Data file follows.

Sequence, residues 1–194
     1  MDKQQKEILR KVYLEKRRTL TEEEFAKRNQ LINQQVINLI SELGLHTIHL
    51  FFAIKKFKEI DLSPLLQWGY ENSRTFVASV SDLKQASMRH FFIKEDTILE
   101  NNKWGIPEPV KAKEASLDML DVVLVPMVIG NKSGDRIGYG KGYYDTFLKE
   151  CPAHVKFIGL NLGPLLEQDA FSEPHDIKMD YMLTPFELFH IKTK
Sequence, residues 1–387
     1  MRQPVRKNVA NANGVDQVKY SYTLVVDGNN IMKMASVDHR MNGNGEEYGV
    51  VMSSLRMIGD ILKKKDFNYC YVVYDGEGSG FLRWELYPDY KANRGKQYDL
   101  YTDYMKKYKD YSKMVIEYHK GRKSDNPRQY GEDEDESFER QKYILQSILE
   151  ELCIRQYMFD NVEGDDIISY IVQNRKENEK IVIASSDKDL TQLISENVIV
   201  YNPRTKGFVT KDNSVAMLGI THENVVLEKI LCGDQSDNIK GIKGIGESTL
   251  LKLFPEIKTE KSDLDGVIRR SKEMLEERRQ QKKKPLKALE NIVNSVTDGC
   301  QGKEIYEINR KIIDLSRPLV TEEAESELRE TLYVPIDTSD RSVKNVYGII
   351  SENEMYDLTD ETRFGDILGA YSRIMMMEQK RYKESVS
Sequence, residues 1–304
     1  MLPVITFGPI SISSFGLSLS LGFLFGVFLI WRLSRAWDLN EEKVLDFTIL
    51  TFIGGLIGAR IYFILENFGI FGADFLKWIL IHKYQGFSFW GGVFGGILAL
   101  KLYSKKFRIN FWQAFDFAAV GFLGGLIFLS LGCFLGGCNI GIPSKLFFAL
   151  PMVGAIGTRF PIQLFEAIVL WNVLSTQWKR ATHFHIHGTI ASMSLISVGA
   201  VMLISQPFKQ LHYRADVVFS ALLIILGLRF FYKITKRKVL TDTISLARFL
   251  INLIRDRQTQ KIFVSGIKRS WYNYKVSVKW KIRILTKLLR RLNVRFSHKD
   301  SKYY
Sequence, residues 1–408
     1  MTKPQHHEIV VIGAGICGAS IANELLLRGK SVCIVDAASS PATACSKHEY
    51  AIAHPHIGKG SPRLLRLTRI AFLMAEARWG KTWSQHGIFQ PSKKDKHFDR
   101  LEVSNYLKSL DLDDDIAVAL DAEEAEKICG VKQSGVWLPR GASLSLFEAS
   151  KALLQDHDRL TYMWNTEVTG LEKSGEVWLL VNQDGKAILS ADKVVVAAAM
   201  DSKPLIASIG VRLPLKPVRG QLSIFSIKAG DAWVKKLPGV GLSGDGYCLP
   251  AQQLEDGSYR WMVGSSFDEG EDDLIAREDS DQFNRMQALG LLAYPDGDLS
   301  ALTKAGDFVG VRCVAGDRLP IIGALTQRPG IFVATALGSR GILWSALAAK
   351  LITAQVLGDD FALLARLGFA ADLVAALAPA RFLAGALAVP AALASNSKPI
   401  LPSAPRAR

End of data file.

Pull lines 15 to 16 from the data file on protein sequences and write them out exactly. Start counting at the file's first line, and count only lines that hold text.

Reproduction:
Sequence, residues 1–304
     1  MLPVITFGPI SISSFGLSLS LGFLFGVFLI WRLSRAWDLN EEKVLDFTIL